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About Vassilis K. Fouskas

Vassilis K. Fouskas is Professor of International Politics & Economics at the Royal Docks School of Business & Law, University of East London and Director of STAMP (Centre for the study of States, Markets & People).

Articles by Vassilis K. Fouskas

This week's editor

“Sunny

Sunny Hundal is openDemocracy’s social media editor.

Constitutional conventions: best practice

RIP United Kingdom, 1927-2017

The Tories maintain the electoral momentum and the political initiative, something which is not only going to damage Labour irreversibly, but the entire country, with Brexit negotiations breaking it apart.

Class, Trump, Brexit, and the decline of the West

In politics, long-term socio-economic trends and global shifts matter more than often overstated ‘progressive’ discourses about equality, progress and freedom.

"Brexit": the real threat to globalization

British voters on June 23 may also decide the future of globalisation/ financialisation. If Britain votes to leave the EU, globalisation may be over, and with it an era in history.

Cannibalisation and the State of Exception

Want to avoid the cannibalisation of British and European politics from below and a state of exception from above? First, ponder the global power-shift from NATO-lands to China and Russia.

Greece has two choices. And so do the creditors

After 13 July 2015, Syriza's Greece and, for that matter, the creditors have two choices. Modernise the Greek state; or let Greece default and risk disintegration not just of EMU/EU but also Nato.

What Greece's creditors should know

Syriza cannot and will not default on its people by stopping paying wages and pensions. If matters come to a head, it will default on its creditors because democratic principles are not negotiable.

Why Syriza is good news for Greece and Europe

The Cold War is over. Scaremongering campaigns on the part of German and European officials make no sense, as Syriza is not a threat to Europe, but a breakthrough.

Cyprus 40 years on. Do you really want a solution? Abandon 'realism'

Every July I cannot stop thinking of that morning of July 20, 1974. A boy, born and raised on the Greek island of Lesbos, in very close proximity to Turkey, listening as his mother tells him that Turkish planes are flying over the village, and that we may be invaded.

Ukraine and Eurasia's imperial fault-lines

The current conflict has been brewing for a long time and is the result of two asymmetrical imperialisms: Russia's outdated, and rather formal, imperialism, on the one hand, and the west's smart, informal route to empire on the other. We must come to grips with these fault-lines in Eurasia's vast plateau.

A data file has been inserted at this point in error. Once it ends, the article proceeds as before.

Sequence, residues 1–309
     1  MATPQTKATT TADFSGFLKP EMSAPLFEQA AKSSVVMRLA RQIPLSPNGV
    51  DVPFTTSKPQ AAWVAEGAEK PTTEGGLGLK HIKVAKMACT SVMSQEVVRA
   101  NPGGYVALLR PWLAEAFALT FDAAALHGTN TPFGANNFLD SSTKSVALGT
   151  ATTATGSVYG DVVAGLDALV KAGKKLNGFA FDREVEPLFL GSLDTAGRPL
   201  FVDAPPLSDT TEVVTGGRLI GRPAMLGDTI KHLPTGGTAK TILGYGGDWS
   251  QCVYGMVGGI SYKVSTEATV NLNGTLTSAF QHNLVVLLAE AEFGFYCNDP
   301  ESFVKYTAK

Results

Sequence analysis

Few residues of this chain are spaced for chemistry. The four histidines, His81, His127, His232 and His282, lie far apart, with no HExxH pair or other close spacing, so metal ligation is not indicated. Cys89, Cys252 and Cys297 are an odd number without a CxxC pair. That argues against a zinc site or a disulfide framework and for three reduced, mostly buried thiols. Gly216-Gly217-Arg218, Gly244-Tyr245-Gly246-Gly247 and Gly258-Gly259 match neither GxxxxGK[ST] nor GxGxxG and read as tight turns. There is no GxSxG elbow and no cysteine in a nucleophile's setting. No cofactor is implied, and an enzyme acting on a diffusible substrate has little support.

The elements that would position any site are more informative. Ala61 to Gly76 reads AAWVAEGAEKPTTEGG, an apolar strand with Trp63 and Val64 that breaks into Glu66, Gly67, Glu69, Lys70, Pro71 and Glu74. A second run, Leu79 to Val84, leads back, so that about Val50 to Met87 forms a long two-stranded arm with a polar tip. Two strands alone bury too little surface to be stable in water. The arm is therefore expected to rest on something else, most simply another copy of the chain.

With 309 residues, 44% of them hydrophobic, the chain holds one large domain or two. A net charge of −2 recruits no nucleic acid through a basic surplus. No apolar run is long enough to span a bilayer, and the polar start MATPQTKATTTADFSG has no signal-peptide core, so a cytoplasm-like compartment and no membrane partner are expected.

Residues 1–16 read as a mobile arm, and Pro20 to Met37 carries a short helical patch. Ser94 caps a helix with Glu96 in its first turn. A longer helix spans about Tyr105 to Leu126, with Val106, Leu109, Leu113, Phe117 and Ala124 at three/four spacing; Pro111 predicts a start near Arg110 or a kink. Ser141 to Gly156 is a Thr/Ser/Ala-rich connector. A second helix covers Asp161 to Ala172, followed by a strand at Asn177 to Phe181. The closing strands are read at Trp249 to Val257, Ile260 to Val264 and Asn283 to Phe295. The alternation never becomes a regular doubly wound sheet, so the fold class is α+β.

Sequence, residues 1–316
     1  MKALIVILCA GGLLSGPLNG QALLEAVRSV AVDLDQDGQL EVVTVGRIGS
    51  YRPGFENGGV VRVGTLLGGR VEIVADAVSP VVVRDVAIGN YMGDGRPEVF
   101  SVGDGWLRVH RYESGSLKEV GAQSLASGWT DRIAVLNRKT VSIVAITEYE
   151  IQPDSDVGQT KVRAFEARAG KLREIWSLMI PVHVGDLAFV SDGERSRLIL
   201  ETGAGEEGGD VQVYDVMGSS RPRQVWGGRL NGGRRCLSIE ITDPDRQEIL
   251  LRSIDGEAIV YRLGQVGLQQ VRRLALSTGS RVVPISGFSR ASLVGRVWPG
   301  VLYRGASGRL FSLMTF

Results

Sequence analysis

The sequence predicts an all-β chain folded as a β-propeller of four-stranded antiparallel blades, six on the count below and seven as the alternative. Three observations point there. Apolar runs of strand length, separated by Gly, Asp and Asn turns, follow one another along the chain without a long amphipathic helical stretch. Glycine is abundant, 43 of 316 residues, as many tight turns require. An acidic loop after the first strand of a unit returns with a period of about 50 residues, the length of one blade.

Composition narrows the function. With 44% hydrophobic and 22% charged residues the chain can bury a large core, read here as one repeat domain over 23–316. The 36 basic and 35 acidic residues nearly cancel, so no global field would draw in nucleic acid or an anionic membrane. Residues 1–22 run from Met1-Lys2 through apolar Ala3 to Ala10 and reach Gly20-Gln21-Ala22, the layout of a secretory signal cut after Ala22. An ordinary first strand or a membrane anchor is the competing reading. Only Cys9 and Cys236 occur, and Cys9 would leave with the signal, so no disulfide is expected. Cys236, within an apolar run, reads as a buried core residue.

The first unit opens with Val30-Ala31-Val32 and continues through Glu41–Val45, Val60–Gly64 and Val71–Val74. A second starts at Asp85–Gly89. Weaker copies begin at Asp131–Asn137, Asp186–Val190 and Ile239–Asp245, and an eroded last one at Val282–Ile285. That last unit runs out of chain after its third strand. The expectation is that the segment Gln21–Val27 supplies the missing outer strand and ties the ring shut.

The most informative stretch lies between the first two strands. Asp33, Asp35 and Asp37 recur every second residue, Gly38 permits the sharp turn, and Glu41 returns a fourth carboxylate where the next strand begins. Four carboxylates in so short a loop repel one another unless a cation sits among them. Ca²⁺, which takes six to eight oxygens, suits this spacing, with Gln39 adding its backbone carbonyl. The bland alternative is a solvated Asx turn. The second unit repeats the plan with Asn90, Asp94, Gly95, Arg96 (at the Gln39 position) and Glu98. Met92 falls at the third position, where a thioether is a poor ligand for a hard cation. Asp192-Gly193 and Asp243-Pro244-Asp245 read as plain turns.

A third way for Cyprus?

Cyprus cannot be a nation-state under Greek Cypriot majority rule, or two nation-states in a loose co-federation under the surveillance of NATO forces. But could Cyprus be a new united Republic founded on the ideas of labour and a common Mediterranean civilization? If the EU said yes. 

Why democracy is still in danger in Greece

Ten days after the murder of Pavlos Fyssas, the ND-PASOK pro-austerity government arrested most of the Golden Dawn leadership on the grounds of being a criminal organization. Yet, for a combination of economic and political reasons, democracy in Greece is in more danger today than ever before.

Cyprus crisis: swan-song of the Eurozone

Harsh measures imposed on Cypriot political and financial authorities to address bank failures reveal, once again, that the entire architecture of the EU is in tatters. The geopolitics surrounding the Greek Cypriot crisis is pulling the EU further apart and into the unknown.

After the Greek election

Whatever the case, one thing is certain: Syriza will further increase its voting power. 

Dear Merkel, beware Greeks bearing geopolitics

It is time to stop the chorus of blackmail assailing Syriza, the radical Greek left party poised to win the Sunday election, from all sort of pundits, international officials and, above all, Merkel - along the lines that if their anti-bailout platform wins the June 17 contest then Greece would be pushed out of the Euro. For, the real issue now is not about economics but about the geopolitics of the eastern Mediterranean

Athens shows the way

The Greek people have delivered an unmistakable verdict: out go the ruling incumbents. Greeks have opted instead for radical parties that best express their class interests and social values.

And now what? Greece after its official creditor-led default

Following Greece’s recent mammoth 206-billion-euro bond swap, people wrongly believe that the private bondholders of the Greek debt lost money and that the country is on a path to recovery. The only solution for Greece remains a debtor-led default and exit from the euro-zone under the leadership of a radical democrat political movement

A Greek tragedy: the making of the Greek and Euro-Atlantic ruling classes

Who is George Papandreou? The author challenges what he sees as the defence over recent years on this website of PASOK’s reform agenda by Anthony Barnett and Mary Kaldor. This neoliberalism in sheep’s clothing, he argues, has nothing to do with the radical democratic reform proposed by the Arab uprisings and Occupy movements. This is our latest debate on whether Europe can make it.

Israel’s neo-zionist illusion

The true target of the violence onboard the Turkish boat carrying humanitarian aid to Gaza on 31 May was the US. But this attempt to force Obama into backing Israel uncritically was based on an outdated, neo-zionist view of geo-politics. For the US is not the power it was
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